Recording both ends of the call independently is going to provide the best sounding result, assuming both your and your friend are technically astute enough to configure audio recording gear. This is called a double-ender, because recording takes place at both ends of the conversation rather than as one central recording. In this kind of arrangement, you setup a microphone at each end, with headphones to hear the other side of the call if you're using a software phone or just use the handset on your telephone to hear your friend's side of the conversation. Since timing the start of the recording is less than scientific, it's a good idea to agree on a keyword or phrase to designate the beginning of the discussion for later editing. Each of you hits record on your end. When the conversation is complete, save the files from each side of the call and send the missing side of the conversation to the person doing the editing. It's fairly easy to match up the conversation in software as long as neither person did too much interrupting throughout the call.
A second and generally easier way to record a conversation over long distances is to use a software VoIP solution. Skype gets all the attention in this space because it was the first app to come along and make it easy, but for recording I prefer Gizmo Project. The software includes a built in record feature, which makes it easy to capture the entire conversation. The downside is any network hiccups may result in some delay in one side of the call, but the simplicity is outstanding.
People who know me well are aware that I never check the voicemail on my cell phone. The recordings stack up and gradually drop off after the expiration date because I hate not being able to skip to the end of 30 seconds of um, yeah, I just called, to say, um, can you call me back, um talk to you later..." If I see your number in my missed calls, I'll assume you called for a reason, call back and get the details in less time than it takes to dial. Contrast this with my Vonage service, which takes messages and emails them to my inbox. I love getting voicemail in my inbox. I can listen. When I realize there's nothing important beyond, call me back, I'll call back. Every once in awhile, I'll get a meaningful message providing details and the service pays off, but the email option puts me in control.
GotVoice is configurable to turn any voicemail service into an email deliverable or via their online interface. A scheduling feature checks messages twice daily or on your own custom schedule, cleaning out your inbox automatically. For the time being the accounts are free, which makes it even more valuable as an improvement to any voice mail service. This actually makes the voicemail on my cell phone useful again. The asking for some vague demographic information at the end, which is presumably for marketing purposes to support the service and are answered with the same honesty that any perpetually 29-year-old woman might convey. Current availability is limited to North America. An optional download manages messages outside your email inbox.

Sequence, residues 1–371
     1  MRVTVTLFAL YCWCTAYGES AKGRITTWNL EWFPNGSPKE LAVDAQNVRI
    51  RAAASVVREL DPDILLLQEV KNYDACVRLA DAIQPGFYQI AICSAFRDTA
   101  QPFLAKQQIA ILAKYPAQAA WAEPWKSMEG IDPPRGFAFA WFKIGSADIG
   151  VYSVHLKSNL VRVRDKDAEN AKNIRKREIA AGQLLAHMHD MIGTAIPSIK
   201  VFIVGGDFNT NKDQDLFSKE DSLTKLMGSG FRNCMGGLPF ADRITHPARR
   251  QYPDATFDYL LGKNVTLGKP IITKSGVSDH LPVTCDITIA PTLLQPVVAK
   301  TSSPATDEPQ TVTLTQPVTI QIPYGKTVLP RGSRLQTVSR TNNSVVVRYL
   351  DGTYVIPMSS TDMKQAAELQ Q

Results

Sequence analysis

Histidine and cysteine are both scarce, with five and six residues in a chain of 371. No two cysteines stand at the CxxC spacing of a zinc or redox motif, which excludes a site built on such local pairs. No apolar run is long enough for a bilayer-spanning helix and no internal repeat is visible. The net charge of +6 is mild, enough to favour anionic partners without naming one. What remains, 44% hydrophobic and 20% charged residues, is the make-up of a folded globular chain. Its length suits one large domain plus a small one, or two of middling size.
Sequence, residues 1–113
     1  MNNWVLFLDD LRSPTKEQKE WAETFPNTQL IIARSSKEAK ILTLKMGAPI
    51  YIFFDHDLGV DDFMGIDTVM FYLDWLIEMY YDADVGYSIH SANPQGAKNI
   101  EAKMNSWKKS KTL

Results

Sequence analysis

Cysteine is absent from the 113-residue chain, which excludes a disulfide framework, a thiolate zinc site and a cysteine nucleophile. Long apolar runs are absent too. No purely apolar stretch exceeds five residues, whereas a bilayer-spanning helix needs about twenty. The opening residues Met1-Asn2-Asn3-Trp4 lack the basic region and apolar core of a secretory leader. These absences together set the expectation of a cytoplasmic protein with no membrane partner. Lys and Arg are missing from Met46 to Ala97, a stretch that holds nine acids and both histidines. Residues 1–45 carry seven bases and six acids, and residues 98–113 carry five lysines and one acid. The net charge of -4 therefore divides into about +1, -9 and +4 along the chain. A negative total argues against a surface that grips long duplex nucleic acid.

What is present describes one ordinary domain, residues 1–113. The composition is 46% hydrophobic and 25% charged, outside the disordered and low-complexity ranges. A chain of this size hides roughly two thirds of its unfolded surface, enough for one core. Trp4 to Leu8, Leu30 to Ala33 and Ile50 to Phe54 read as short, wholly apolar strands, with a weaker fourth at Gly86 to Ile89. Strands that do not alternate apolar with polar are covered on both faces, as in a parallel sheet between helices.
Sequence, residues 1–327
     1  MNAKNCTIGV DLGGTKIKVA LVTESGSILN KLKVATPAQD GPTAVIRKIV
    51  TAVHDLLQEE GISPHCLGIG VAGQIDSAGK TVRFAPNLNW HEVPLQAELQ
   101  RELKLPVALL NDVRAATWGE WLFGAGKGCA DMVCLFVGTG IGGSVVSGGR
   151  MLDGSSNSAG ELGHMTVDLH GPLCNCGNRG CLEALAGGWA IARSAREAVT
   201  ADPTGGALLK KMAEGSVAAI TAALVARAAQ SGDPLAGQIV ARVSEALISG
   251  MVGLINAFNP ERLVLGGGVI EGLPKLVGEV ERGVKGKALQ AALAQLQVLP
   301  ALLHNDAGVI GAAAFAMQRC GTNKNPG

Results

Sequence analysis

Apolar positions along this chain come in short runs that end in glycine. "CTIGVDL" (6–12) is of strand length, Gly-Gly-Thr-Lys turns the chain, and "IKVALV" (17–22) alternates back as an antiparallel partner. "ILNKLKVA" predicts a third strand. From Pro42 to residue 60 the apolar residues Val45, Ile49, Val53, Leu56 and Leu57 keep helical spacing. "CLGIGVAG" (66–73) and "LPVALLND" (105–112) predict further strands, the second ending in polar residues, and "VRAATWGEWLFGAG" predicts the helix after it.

Tom writes, "I just canceled my land line and am now pure cellular. I read about a gadget somewhere that acts like a router for your cell phone in your home, using the existing wiring. When you come home at night you plug your cell phone into the gadget and all of your house phones are now ports to your cell phone. It's the best of both worlds - you get the cheap cell phone service and can still use all of those land line phones scattered around your home. Have you heard about this? If so can you point me toward a vendor?"
There are a number of solutions that link cell phones to landline connections. Most of the current batch of options perform a hand-off from an active cell phone account to an active landline service provider, effectively forwarding the call to the landline so that you aren't subject to the issues associated with poor connectivity and dead spots in the home. There are two solutions I found that truly pass the phone call to a landline handset.